Yet for the UMC God handle the church as he sees fit. Sadly the Prophetic word give me was strong an unforgiving to those who continue to financially support satans work inside the organization. Severe consequences will fall from the top to the bottom meaning G those who sit in the pews. That saddens me because some of those families go back a century in that church. DUMC was my wife an my church for 21+ years an it was hard to leave. Long ago when I gave my life over to Jesus Christ I promised him I would never even at the cost of my and my families life ever forsake Him , Abba an the Holy Spirit so I followed the word I was given an haven’t looked back to question it.
    God bless all that still are inside the fight at UMC. I only pray your staying to bring the UMC back to God not support whatever it is now becoming in as the bishops say in the idea of unity we rewrite God’s word to fit today’s changing an exceptance of our changing world. God’s word AN meaning has not changed in OVER THREE
    GOD’s blessings be upon you.

    A servant to AN for Jesus Christ
    Edwin McGrew.

    1. thank you so much, I’m just a new born in christ and I know enough about truth, there is just one GOD AND HIS WORD IS TRUE……HOW CAN MAN CHANGE GOD’S WORD…

  9. I believe it is time for the United Methodist Church to become two churches. Those of us who believe in holding to the Book of Discipline that we as clergy vowed to uphold and those we serve trust is the theology and beliefs of the UMC are greatly separated from those who feel that they can do what ever they want without respect to the Discipline and General conference. The gap is just growing greater every day. I don’t see any way to resolve this conflict other than going our separate ways as a church.

  10. Right is right and wrong is wrong. Praying for ALL officials responsible for making decisions, will follow God’s guidance and make the RIGHT DECISION!

  11. Tom,
    What are the REAL options that you see us moving towards? Actions like that of Trimble and past so-called “just resolutions” are acts of guile and manipulation, which according to the Bible are sin. We are witnessing “bishops,” leaders of the church willfully and publically sin. This is terrible. I don’t have any other words for it.

    I can’t imagine what I would do if I was living in these conferences. I truly pity those who are. I am thankful for the WCA as it bringing people together and giving them a voice and hope.

    Personally, I hate to see this drag on. We are dividing right now, whether the UMC bureaucracy wants to acknowledge it or not. Maybe this is for the best . . . that we join together and form a common vision before the official division.

  12. Is not the discipline a repeat of what the bible says? These people are suggesting we change the discipline Bible, to meet the personal desires of some or our clergy. By who’s authority do they have to even consider such an action. I believe the Bible says. no additions can be made. Lets man up to this thing and put it where it needs to be. IF YOU CANNOT LIVE BY THE WRITTEN WORD OF THE BIBLE MOVE ON/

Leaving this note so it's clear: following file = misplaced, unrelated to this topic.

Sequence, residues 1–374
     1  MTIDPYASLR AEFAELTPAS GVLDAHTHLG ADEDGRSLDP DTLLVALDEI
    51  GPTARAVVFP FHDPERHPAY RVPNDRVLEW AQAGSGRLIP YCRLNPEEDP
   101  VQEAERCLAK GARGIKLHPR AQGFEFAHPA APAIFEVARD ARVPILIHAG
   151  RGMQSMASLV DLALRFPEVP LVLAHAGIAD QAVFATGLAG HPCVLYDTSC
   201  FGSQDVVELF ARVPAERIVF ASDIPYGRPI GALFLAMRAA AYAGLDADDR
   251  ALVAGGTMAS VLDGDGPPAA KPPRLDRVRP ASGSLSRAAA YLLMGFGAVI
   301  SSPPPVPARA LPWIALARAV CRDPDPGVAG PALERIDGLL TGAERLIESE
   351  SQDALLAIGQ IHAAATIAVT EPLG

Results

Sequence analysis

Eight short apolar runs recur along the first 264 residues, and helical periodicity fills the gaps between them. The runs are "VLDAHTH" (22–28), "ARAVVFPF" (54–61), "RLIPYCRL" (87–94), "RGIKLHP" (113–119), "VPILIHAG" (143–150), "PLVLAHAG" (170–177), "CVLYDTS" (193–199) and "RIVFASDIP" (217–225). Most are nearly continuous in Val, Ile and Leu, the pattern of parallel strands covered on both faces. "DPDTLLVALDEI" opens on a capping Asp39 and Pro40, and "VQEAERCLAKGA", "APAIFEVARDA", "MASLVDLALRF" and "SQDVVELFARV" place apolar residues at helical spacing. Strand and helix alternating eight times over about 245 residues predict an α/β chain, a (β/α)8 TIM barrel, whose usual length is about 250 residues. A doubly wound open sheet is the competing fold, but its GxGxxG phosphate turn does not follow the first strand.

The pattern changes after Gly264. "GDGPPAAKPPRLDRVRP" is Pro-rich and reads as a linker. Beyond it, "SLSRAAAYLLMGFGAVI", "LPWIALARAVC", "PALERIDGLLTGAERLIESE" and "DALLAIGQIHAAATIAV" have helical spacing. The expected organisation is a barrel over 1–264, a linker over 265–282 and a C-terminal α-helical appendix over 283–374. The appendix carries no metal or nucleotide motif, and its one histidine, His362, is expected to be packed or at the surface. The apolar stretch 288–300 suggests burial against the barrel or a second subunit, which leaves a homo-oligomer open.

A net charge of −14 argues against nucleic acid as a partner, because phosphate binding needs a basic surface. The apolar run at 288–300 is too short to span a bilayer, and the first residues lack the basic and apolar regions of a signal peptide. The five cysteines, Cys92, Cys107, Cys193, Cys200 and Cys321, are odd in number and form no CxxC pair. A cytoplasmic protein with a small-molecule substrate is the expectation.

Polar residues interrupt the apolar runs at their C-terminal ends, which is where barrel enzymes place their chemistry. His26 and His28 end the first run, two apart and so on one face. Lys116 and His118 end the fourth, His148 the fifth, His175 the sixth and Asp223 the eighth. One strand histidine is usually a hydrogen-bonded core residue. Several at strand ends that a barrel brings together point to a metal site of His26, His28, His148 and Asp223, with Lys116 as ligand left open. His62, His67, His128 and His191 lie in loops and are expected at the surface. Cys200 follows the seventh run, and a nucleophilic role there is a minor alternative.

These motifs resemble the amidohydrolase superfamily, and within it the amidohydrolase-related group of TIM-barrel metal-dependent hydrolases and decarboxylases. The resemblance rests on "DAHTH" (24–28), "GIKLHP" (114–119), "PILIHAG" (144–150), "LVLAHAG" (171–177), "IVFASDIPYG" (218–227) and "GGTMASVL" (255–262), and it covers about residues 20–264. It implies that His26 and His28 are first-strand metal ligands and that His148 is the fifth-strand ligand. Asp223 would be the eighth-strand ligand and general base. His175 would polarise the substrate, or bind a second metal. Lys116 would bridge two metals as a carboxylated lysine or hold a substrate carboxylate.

13. The Methodist Church seems to be on it’s way down and out.

    More and more, the a large number of Pastors are merely an individual whose teaching
    is merely about money and NOTHING ABOUT CHRISTANITY


  14. The local option seems to imply that at a lower level we get to ignore the parts of the BoD we do not like. Kind of like a states rights argument that overrules GC. That looks like congregationalism to me. I am OK with that but let’s call it what it is. And don’t come after any church that does not want to comply with other parts of the BoD.

  15. We are being led down the road to perdition by those who claim to be leader’s in our denomination. This is a sad commentary on the integrity of our Bishops. The counsel for the church in this case Rev. Dulworth has stated that church trials cost about, $125,000.00 to conduct and this “just resolution” was reached in order to save the conference $125,000.00. So the Detroit Annual Conference has now adopted the world’s view of resolving disputes for nuisance sake, “Let’s save the money and be done with it.”

    There are very few defenders of the faith left in the Council of Bishops, seems that the approval of the world matters more to these “leaders” than the approval of God.

  16. I pray that the Evangelicals and Africans will see the “Big Tent” local option as a viable compromise. Otherwise I pray we can part ways amicably at the 2019 GC. In the meantime, I will continue to try to do my part in living out my calling to the Gospel of Jesus Christ as best and as most radically as I can. I know you are trying to do that as well.

    1. I do not understand why, if local churches and conferences are given the option to do whatever they want, why even bother to stay together? All connections will have been severed anyway. Also, I live in an area where the theological mix is more or less equal–neither perspective has a significant majority in the conference or in many of the local churches–the “Big Tent” option will basically destroy the local churches and this conference. Might as well cut everybody loose than try to act like we can continue to function under a Big Tent where anything goes. Anybody that thinks that the Big Tent is a solution is not familiar with the situation in other parts of the country.